For many people Christmas is a season of cheer, celebration and general merriment. For the hospitality industry it can also be an extremely profitable time; bringing in loads of family get-togethers and staff Christmas parties. However, if you’ve ever worked in a restaurant during the festive period you know how stressful and hectic this period is. You want to make this season as painless as possible for you and your staff, but how can you achieve this? How do you get the best out of your staff and treat them like people too?
Be honest about what employees should expect during the rush. There is no point in hiring new staff for the Christmas period and not telling them what to expect. Prospective staff should know what to expect during your more demanding periods as it allows them to mentally prepare. Clear communication is crucial to any business, especially when you’re busy. Managing expectations allows for everyone to work more effectively.
Make sure you that your staff get all of their breaks. This helps to prevent burnout and stops stress from building up. You should think about creating a break schedule. Not only does this help to ensure everyone gets their breaks but it also helps frazzled staff if they know they have a break coming up. Understand that when it’s extra busy wait staff may need to leave the floor for just a minute to regroup. Obviously taking a break when the restaurant is extra busy isn’t an ideal circumstance; but ultimately staff taking a couple of seconds to breathe away from the hustle and bustle benefits everyone. That minute that they take won’t really affect the busyness of the restaurant and will mean they come back more productive.
Don’t Overwork Your Staff
This point doesn’t just refer to breaks but also to the number of employees that you have working. Christmas is a hectic period and you should have more staff on the floor and in the kitchen to reflect this. You will probably have to hire extra employees just for the Christmas period but with how busy it gets at Christmas it’s better to be overstaffed than understaffed. Your employees shouldn’t feel like they are swarmed by customers with no one to help them out, or that they can’t have a day off because of how busy the restaurant is. This isn’t productive for anyone and makes it more likely that your employees will burn out.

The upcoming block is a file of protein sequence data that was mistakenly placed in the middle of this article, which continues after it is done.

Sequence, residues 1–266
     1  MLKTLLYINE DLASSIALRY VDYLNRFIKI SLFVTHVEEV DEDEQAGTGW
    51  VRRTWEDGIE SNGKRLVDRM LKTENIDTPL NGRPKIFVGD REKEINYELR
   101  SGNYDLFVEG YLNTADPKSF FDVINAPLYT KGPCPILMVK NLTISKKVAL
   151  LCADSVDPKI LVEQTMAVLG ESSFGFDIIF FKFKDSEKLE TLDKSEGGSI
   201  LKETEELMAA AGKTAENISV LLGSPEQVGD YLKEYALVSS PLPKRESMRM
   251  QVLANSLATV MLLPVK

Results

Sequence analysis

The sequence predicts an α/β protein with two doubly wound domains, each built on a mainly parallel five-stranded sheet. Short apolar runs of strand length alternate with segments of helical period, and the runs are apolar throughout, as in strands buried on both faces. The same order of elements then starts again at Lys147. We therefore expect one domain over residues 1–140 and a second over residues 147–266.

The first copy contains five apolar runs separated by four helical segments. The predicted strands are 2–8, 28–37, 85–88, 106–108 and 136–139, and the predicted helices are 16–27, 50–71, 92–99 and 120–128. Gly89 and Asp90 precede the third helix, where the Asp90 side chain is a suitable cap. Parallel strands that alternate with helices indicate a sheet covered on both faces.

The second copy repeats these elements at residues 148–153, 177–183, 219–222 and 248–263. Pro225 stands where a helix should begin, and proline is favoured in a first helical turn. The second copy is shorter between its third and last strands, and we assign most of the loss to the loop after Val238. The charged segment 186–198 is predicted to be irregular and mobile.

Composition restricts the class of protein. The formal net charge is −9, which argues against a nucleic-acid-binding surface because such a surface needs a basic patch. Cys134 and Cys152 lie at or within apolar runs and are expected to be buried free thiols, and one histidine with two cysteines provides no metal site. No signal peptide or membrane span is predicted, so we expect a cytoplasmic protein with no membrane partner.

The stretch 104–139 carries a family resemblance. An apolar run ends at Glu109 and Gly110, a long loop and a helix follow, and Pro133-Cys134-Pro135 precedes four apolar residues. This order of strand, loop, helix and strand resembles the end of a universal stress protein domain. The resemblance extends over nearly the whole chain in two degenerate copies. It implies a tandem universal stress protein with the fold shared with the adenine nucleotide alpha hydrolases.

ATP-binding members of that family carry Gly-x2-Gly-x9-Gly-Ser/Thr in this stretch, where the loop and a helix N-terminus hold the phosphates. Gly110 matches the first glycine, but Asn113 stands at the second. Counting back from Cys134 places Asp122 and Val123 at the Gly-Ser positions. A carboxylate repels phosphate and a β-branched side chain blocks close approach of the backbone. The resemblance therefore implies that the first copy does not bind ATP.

Tip: Don’t forget to let seasonal staff know where spare supplies are stored e.g. till roll. Even if they don’t need them themselves it can be handy to have someone who can fetch a spare before the queues build up!
Recognise those staff members that go above and beyond. Everyone likes to feel appreciated and like to think they’ve made a difference in their day’s work. It’s a good idea to thank employees at the end of a hectic shift. It’s surprising the difference feeling like your efforts have been noticed and appreciated can make. A simple “thank you” goes a long way to making the stress of the day seem less significant. Maybe after a busy service, consider surprising your staff with a sweet treat from the kitchen.
We’re talking about the Christmas season and what’s the Christmas season without some Christmas cheer? You probably have Christmas decorations in the restaurant anyway; but you should encourage staff to indulge in the Christmas spirit. If you have a uniform maybe let staff mix it up with a Christmas jumper or even Santa hats. There are a million little ways that employees can show their love for Christmas. However, it’s important not to force participation. Some of your staff might not celebrate Christmas or it might be a hard time of year for them; so, while you should encourage participation and inclusion you should make sure it’s not forced.
Tip: Encourage diversity during the Christmas season. Have a week where all your staff are encouraged to bring in an aspect of their own culture, for example a traditional dessert that they could leave in the staff room for sharing. This allows for all religions and nationalities to be involved.
The Christmas season can be stressful for employees, but also for you, as a business owner. It costs money to hire and pay new staff, not to mention the training costs. More expenses are incurred if you give a Christmas bonus to staff. While you know the busy Christmas period should give you a cash flow boost, you may not be able to use these profits until after the Christmas season. In order to hire new staff or give bonuses, you may need an injection of cash to balance out these extra seasonal costs. A short-term finance solution, like a cash advance is a great option for this situation. This works with your business by taking the pressure off your cash flow, as repayments are made daily using a portion of your card sales.
These are some simple tips that are easy to implement and encourage positivity in the workplace. When your staff are engaged and invested in the workings of the restaurant they are likely to be both happier and more productive. According to Gallup, the U.S., researched based, global performance management consulting company, employees who are “engaged and thriving” are 59% less likely to look for a job with a different organisation in the next year. Engaging your employees and catering to their needs is paramount to retaining staff. For some more information about staff retention and turnover you should check out our article on 'Main Causes of Employee Turnover'. Your staff shouldn’t dread the Christmas season they should be confident that you’ll support them during this busy time, and that even on the tough days that you appreciate their efforts. Happier staff means happier customers; and happier customers mean a more profitable business.